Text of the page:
My dad used to have cat grass available all the time for his cat. As soon as he put one container down for Blackbird he started another one. I continued that for a time after he passed away (the cat pre-deceased him) for my cats. Eventually I forgot about growing cat grass for them, or did I just get lazy?
Once in a while, I let my cats out in the fenced side yard while I’m out there working. Ocean runs straight to the grass and starts chomping down on the tough Bermuda grass. This prompted me to decide to start growing cat grass for them again.
After Ocean is finished with the grass and Christy is through exploring, they wait on the porch for me to finish my chores and let them back in the house.
Do ALL Cats Love Grass?
I can say from personal experience, the answer is no. Although Ocean is obsessed with it, Christy doesn’t even look at the lawn when she is outside. She prefers to prowl around under the bushes and in the dirt. She did occasionally munch on the indoor grass I used to grow but she didn’t really seem to care that much about it.
Benefits of Cat Grass
The only thing I think you can say is a “fact” about the benefits of cat grass is that it provides awesome environmental enrichment. Everything else is just conjecture or theory. If you have any doubts about that, check out this post from Texas A&M Veterinary Medicine and Biomedical Sciences.
Even though no one is sure why cats eat grass, there are lots of theories. Many people speculate that they might like to eat grass because:
- It may help with digestion. Cats regurgitate when they eat grass because they lack the necessary enzymes to break down vegetable matter, so this may eliminate all indigestible material from the digestive tract.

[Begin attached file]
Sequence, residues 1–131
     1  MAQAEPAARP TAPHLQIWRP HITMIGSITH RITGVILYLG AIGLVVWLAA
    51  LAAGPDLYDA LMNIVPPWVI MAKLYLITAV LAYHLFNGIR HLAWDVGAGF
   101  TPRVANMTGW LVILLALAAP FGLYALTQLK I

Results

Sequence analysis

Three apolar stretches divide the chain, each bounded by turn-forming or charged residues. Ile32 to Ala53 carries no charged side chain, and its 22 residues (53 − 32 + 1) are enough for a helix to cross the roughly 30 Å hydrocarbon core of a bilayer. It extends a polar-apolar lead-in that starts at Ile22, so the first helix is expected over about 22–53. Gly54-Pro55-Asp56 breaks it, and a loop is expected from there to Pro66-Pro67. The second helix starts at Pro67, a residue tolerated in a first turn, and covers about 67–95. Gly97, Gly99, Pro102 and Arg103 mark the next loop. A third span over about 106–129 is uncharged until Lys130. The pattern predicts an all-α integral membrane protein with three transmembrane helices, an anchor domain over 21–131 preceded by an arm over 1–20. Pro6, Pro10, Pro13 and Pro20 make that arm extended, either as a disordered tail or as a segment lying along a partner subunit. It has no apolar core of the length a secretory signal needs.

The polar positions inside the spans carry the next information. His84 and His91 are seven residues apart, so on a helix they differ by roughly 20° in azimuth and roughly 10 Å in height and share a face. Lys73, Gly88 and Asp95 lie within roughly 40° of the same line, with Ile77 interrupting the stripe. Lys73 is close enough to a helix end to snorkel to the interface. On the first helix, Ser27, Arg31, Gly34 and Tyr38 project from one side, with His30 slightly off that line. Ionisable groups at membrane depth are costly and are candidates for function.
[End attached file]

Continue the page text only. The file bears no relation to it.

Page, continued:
- Perhaps they like the taste of the sweet juices in grass.
- It may act as a natural laxative, moving hair that wasn’t hocked up in hairballs and moved farther into the digestive tract, out the other end.
- They may need the vitamins, minerals and fiber in their diet.
- It may be instinctual from days gone by in the wild when they would have eaten whole prey that had grasses in their stomachs.
Types of Grass to Grow for Cats
Cat grass is not one particular type of grass. It can be any one of several grasses or a combination of them.
You can share wheat grass with your cats. This is the same wheat grass that humans use in smoothies, etc. It is popular with the health conscious as it is packed full of minerals. Its 70% chlorophyll may help sweeten your cat’s breath!
Oat grass is considered to be the “true” cat grass. If a package is just labeled cat grass, it is probably oat grass seeds. Oat grass is slightly sweeter than other grasses and may appeal to more finicky cats.
Barley grass grows high and fast. This quick growing grass can reach 14″ and is a good choice for a cat who nibbles a lot or for a multi-cat household.
Rye grass is durable and flexible. If you are thinking of making a large planting grass bed for a catio that your cats can roll around and sleep in, this would be a good choice. It is shorter than the others and springs back quickly. However, rye, as well as all the cat grasses, does not do well in high heat so keep this in mind if you put it outdoors.
Growing Cat Grass for your Indoor Cats